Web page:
97. Amadeus (1984)
Sometimes just two parts of a film are so good, you can’t remember much else about them. That’s the case with Miloš Forman’s Amadeus, a film that is such a masterpiece in terms of writing and acting; you barely remember that the score, scenery, costumes, and direction are just as remarkable. A fictionalized account of the relationship between Antonio Salieri and Wolfgang Amadeus Mozart, the film is instead a study of art, jealousy, doubt, and all of the rest of those nasty habits that infuse the creative world. It’s a story about the jealousy those who work their asses off to be a moderately talented artist feel for those born with the gift, especially when said person doesn’t take their gift seriously. This struggle is perfectly embodied by the hard working Salieri, played in eloquent perfection by F. Murray Abraham, and the naturally gifted but emotionally stunted Tom Hulce.
Each piece of dialogue flows articulately from one scene to the next, with an abundance of memorable lines, a rarity for period films: “You go too fast!” “I absolve you!” “The duo becomes a trio, the trio becomes a quartet…” and The Masterpiece Monologue all stand out as classic pieces of dialogue, recognizable in every single film and show that spoofs them. Of course Abraham is the heart of this movie, standing tall as the bitter Salieri, but let’s not forget about Hulce. The uncorked energy, the braying laugh, and the genius behind his eyes all speak to the caliber of performance he is working with. These are two performances that absolutely shine, and the filmmaking behind them helps illuminate their work even more. The writing of Requiem near the end of the film is a near perfect sequence, filled with fire, passion, and urgency, beckoned onwards by the script, music, actors and editing all working together in unison. Amadeus may be one of the greatest films to come out of the 80s, and one of the greatest films to come out, period.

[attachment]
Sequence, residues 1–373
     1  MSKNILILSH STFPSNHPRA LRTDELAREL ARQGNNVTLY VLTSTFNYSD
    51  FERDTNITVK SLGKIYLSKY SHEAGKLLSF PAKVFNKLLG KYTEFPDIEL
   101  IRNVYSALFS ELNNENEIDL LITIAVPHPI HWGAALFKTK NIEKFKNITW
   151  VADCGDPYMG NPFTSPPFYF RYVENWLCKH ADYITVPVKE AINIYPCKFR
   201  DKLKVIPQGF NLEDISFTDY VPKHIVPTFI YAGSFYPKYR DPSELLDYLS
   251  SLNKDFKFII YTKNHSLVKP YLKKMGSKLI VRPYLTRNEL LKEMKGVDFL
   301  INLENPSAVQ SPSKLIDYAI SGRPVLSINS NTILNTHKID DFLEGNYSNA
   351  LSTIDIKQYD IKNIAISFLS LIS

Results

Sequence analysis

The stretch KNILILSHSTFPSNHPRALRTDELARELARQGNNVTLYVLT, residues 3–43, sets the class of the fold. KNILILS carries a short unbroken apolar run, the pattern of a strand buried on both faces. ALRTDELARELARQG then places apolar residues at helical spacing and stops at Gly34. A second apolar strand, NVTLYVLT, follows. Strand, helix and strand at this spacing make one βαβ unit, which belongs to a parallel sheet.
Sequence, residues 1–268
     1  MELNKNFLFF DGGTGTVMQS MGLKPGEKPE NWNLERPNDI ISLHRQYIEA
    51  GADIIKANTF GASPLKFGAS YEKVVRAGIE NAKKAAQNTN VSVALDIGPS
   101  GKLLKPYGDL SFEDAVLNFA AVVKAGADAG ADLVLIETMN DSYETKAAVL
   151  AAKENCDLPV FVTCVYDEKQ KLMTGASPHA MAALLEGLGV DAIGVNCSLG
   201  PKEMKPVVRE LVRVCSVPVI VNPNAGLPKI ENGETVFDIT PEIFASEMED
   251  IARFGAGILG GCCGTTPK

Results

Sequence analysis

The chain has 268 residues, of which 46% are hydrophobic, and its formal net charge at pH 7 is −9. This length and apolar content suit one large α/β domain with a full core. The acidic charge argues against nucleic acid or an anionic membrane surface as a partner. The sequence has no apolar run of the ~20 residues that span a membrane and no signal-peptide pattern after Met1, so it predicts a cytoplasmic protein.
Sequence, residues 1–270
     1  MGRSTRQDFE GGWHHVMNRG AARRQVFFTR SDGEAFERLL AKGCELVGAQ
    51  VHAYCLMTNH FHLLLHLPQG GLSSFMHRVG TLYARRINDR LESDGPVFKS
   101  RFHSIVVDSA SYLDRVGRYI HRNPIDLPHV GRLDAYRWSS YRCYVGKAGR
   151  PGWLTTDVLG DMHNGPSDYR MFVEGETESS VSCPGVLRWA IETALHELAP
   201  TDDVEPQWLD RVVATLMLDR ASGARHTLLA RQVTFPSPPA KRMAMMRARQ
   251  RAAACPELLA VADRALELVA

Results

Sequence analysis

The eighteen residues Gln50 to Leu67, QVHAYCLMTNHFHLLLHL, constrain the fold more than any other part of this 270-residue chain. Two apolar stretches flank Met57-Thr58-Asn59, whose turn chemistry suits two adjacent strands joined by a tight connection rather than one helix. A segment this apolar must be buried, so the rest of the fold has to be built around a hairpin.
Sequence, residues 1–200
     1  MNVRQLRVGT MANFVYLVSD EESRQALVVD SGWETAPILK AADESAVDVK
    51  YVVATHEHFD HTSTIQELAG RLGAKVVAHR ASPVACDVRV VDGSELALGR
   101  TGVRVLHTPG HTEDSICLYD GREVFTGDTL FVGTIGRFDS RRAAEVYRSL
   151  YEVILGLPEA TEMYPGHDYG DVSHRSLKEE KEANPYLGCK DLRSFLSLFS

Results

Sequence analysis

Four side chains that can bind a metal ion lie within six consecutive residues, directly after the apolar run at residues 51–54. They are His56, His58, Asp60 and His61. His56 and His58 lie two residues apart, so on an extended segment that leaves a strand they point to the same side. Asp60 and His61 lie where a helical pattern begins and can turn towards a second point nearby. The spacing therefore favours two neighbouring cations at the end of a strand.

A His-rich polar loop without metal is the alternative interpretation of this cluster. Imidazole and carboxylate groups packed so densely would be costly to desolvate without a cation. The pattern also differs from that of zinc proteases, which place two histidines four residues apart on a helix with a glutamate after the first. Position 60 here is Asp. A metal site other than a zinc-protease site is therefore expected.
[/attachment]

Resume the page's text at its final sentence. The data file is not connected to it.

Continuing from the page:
96. Pan’s Labyrinth (2006)
The Spanish have always had much more success with the magical realism genre than the Americans or Brits have. They seem to have an understanding of using fantasy and science fiction to explore political, social, and emotional issues that plague society. They have recently set a high water mark for the genre in Guillermo del Toro’s Pan’s Labyrinth (El Laberinto del Fauno). The film takes place in 1944, as young Ofelia (Ivana Baquero) is told by a Faun that she may be the reincarnation of a fairy princess, and must prove herself worthy of reentering the kingdom. All of this plays out as she begins life with her new stepfather, a captain in Franco’s army, who is determined to torture and execute every last Republican Rebel in the country. It is in this plot description that the film finds its “masterpiece” mantle, as the symbolic connotations of the plot elevate what could otherwise be a simple children’s fairy tale. Del Toro uses his filmmaking prowess, from storytelling to cinematography to art direction, to explore one of the most atrocious times in Spanish history. It explores the nature of innocence and evil, greed and human decency, and the complexities of life. The inclusion of the more fantastical moments serve as metaphors for the horrors of Ofelia’s childhood, his childhood, and the childhoods of several thousand Spanish children born under Franco’s regime.
However, just because the film uses fantasy as a metaphor doesn’t make the fantasy any less impressive. The design of this world is absolutely stunning to look at, from the gothic look of the set to the dark woods of the real world, from the stunning appearance of the Faun to the Hall of the Pale Man, each frame is a stunning painting, creating a haunting parable to frighten its viewer. The Pale Man sequence is a perfect example of mixing art direction, setting, makeup, visual effects, and dramatic tension to scare the living sh*t out of the viewer. It’s one of the greatest fantasy movies ever made, and when combined with its weightier material, it makes for one of the greatest movies of all time.